28 Ways to Stop Wasting Time (Part 2 of 2)

June 16, 20153 min

DuckStealingLet’s finish up our list of ways to improve the focus of your Team at work with twelve new ideas.  In this article I am going to concentrate on ideas that will enhance how the Team responds to emergent working and dealing with distractions.  For ideas on how to boost focus when doing the work and defining the work in meetings, check out the previous article.

Responding to Emergent Work

  • Product Owner Decides – any emergent work that comes up during a Sprint goes first to the Product Owner before any Team member takes a look at it.  In Scrum, it is a Product Owner responsibility to decide if and when the Team’s focus is changed.
  • The Exchange – if the Product Owner decides that the emergent work needs to be done, they must exchange that work for an unstarted Product Backlog item of equal size or smaller.  If nothing is unstarted, then they are out-of-luck.
  • Next 24, Next Week or Next Sprint – establish three categories for dealing with emergent work.  Things that must be addressed in the next twenty-four hours, work that can wait until next week and work that will be taken care of in the next Sprint.  The Product Owner decides what category the new work falls into.
  • Wait Until Next Daily Scrum – unless is is true emergency or crisis, the Product Owner will hold onto the issue until the next Daily Scrum meeting.  Bringing up the topic while the Team is currently working introduces a distraction from the work at hand.
  • Pager Duty – invariably some unforeseen technical issue or bug will arise during a Sprint that will call upon the Team’s knowledge and experience.  When this happens, the Team will designate one person who is “on call” as the Tier One support person for the Sprint.  This Team member will field the initial contact, investigate the situation and come up with a recommended course of action.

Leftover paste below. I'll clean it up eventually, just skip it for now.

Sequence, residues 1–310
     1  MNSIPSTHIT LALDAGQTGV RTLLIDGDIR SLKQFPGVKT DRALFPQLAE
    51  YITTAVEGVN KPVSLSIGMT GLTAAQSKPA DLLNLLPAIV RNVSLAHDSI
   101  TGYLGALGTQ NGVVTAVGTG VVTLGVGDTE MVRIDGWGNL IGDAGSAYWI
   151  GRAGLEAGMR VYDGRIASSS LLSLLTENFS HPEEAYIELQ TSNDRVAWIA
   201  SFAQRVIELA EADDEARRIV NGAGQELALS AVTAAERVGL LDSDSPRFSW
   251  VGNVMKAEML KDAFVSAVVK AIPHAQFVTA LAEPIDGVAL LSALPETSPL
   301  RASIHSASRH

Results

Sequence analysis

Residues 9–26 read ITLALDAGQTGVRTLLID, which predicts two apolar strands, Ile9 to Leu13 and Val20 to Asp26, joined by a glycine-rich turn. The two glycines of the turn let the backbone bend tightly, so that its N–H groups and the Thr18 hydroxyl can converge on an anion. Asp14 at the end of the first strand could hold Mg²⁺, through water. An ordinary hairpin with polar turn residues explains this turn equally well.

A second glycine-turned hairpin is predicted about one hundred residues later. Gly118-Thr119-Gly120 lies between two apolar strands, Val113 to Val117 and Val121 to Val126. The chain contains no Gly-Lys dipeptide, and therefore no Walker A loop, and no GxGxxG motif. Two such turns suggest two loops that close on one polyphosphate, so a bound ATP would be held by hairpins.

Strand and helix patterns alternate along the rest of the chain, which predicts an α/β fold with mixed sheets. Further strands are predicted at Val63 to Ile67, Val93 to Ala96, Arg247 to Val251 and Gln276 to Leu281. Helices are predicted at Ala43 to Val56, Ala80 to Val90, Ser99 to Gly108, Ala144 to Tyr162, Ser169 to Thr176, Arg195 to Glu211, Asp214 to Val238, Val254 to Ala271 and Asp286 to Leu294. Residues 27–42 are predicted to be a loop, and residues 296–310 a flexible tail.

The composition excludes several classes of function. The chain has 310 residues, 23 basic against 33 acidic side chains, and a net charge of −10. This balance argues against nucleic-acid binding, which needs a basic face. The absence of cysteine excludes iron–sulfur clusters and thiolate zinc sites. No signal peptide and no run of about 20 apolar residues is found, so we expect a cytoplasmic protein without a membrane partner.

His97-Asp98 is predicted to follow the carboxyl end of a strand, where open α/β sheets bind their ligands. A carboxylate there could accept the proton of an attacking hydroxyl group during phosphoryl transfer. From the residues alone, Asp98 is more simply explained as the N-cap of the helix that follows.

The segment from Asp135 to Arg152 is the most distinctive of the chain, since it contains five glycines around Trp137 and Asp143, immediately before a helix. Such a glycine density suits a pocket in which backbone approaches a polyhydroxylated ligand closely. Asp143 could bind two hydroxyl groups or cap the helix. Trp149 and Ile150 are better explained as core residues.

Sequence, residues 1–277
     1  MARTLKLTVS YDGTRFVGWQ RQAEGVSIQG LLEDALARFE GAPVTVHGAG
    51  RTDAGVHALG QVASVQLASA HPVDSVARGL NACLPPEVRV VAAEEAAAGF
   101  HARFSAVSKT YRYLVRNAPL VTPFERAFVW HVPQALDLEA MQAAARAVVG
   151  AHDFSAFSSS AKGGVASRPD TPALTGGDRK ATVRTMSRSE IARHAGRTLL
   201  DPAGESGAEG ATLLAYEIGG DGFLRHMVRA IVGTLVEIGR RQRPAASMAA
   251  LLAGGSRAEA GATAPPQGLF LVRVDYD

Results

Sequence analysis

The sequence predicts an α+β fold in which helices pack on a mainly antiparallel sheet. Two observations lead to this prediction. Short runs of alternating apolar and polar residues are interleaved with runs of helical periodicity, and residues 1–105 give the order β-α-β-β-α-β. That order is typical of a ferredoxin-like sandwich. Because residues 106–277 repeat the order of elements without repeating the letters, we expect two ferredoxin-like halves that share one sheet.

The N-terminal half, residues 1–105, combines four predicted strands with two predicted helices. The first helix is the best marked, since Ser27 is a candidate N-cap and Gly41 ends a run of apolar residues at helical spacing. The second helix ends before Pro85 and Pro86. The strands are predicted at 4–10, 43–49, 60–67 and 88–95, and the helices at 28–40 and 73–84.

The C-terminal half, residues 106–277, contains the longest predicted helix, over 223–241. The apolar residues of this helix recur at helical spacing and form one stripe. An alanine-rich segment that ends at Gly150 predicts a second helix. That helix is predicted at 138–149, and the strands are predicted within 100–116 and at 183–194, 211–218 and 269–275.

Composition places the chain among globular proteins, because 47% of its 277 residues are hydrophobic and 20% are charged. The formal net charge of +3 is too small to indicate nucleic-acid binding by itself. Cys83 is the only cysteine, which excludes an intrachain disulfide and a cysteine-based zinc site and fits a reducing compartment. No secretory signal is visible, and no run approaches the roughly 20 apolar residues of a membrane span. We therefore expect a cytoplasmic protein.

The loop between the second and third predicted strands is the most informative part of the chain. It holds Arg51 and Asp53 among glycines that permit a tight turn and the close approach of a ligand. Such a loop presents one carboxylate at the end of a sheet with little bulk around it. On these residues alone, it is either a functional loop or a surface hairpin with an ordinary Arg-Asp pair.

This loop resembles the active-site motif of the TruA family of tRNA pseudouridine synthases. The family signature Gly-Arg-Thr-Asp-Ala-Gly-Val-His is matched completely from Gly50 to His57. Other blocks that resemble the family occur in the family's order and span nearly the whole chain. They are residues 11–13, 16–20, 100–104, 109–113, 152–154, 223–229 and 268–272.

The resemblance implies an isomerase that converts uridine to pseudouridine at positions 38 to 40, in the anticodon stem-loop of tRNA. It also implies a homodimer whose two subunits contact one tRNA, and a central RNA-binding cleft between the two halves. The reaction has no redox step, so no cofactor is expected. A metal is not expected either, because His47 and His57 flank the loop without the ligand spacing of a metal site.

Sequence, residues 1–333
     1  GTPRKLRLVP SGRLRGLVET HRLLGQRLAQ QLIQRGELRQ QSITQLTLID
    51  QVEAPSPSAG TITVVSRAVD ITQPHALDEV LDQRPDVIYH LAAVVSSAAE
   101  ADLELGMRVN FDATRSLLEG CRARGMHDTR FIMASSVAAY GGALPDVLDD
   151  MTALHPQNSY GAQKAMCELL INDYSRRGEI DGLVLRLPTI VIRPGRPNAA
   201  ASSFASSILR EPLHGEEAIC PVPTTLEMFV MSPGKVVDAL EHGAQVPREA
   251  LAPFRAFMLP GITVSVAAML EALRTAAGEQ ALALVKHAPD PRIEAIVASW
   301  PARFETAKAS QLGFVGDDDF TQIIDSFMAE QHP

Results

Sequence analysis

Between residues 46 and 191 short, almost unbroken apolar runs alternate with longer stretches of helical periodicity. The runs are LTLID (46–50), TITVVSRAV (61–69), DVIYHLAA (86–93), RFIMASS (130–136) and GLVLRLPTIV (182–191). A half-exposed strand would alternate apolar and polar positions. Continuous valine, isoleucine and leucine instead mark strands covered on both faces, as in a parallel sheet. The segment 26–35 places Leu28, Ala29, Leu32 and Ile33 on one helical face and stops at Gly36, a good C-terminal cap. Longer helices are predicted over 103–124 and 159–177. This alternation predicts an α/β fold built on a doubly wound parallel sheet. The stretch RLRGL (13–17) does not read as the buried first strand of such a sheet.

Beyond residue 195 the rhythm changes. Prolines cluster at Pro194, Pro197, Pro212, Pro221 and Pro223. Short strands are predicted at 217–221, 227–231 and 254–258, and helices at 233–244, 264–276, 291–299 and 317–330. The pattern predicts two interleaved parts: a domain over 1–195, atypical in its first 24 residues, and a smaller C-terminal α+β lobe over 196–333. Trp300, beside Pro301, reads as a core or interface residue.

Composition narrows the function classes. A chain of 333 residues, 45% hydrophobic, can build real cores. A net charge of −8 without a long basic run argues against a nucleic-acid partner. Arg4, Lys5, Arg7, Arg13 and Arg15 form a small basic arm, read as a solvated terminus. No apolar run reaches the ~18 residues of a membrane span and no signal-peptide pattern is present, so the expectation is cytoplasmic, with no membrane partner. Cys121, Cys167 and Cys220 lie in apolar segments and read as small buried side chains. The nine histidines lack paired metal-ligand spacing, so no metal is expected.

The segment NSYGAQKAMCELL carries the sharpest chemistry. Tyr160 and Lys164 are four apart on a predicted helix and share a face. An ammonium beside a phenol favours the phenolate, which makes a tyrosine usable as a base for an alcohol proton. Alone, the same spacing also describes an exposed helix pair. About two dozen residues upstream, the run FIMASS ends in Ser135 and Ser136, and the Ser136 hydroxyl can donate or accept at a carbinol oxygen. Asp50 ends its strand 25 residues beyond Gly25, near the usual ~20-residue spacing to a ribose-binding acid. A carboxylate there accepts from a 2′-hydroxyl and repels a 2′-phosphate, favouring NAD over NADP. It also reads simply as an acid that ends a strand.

• Rotate Pager Duty – everyone on the Team does “pager duty”.  No one does “page duty” two Sprints in a row.

Dealing with Distractions

  • Turn Off Outlook  – and other notifications.  People simply do not need to respond to every single e-mail as it arrives in their inbox, especially during work sessions.  Read your email when you take a break.
  • Turn Off Your Phone – this was a huge complaint for DeMarco and Lister in Peopleware, so if you actually have a desk phone make sure you turn off the ringer.  For personal calls, all mobile phones should be set to vibrate.
  • Internet Time – decide as a Team when it is appropriate to surf the Internet, check eBay, Facebook, etc.  I am not suggesting establishing some sort of Internet police or tracking system.  I am saying to have an adult conversation on what people should do when they are burned out for the day.
  • Turn Off Instant Messaging – IM are somewhat helpful for distributed Teams, but for a co-located Team IM popping up while doing work can be a bit of distraction.  Like Outlook, these notifications break concentration and flow, so turn them off by default.
  • Personal Calls Away From Your Desk – if you want to take a personal phone call, use your mobile phone.  Better yet, take (or make) that call away from the Team’s workspace.  Listening to a co-worker review the highlights of last weekend’s game or discuss an upcoming vacation is extremely distracting.
  • Bored\Chatty Coworker – if you notice that you are feeling bored and can’t get anything done, just go home.  Seriously, if you are distracted, you are just going to distract other people and the best place away from the Team.  If you see someone who is bored and sucking up other people’s time, suggest they take a long break, go to the gym or spend time at home with their family.